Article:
Data analysis

The study is carried out in schools and therefore data analyses will be conducted in a multilevel modeling framework to account for non-independence of the participants at the school level.

Sample size

The power estimation was based on an assumption of independence in the data (see Table 4, line A). The power was then adjusted on the need for a multi-level approach, as cases will be clustered in schools (see Table 4, line B) [32, 33]. The desired significance level is p = 0.05 and power is 0.80. The following additional conditions were accounted for: (1) anticipated effect size (d) of the main factors: 0.25 (conservative estimate), (2) the intraclass correlation coefficient (ICC): 0.05 (estimate is based on the level of school affiliation in Norway) [34], (2) average size of the clusters = 20 (i.e.: number of individuals within each school in a 24-month intervention period). Ukoumunne and colleagues’ equations ([33]; page 31 and 32) and Altman’s recommendations are used [35].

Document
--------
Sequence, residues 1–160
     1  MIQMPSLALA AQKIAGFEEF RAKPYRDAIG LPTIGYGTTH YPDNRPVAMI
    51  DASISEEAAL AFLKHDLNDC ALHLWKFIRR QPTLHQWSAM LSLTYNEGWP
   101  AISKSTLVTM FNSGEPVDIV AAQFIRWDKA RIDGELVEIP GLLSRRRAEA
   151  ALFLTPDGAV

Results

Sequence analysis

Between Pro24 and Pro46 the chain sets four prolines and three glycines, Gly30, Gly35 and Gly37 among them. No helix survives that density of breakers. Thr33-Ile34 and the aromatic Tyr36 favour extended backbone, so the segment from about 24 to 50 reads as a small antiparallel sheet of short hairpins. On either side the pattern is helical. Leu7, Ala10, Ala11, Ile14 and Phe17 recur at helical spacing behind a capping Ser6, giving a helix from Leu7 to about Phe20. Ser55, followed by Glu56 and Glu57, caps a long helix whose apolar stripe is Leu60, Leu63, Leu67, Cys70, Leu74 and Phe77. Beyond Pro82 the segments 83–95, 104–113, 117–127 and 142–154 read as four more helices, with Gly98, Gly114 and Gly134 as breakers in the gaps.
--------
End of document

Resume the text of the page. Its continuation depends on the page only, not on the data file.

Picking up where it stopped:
The total of individuals should be at least N = 796 across 40 schools. With eight experimental conditions, 5 schools will be assigned to each condition. With 40 schools, 20 children per school will be needed (see Table 4, line B).

Table 4 Number of participants and clusters required in a multilevel study

Planned statistical analysis

Several models will be run to test for the main treatment outcomes, implementation outcomes, and related research questions.

The analyses will involve changes in outcome variables. A combination of linear mixed models and latent growth curve analyses will be used to identify differences between treatment groups, as well as change rates in growth over time. Based on the experience from the previous study, the rate of missing data due to electronic data collection will be low. Otherwise, missing data will be accounted for using full information maximum likelihood in growth curve analyses and restricted maximum likelihood techniques in mixed effects models where applicable, well-established techniques that allow for the inclusion of all available data.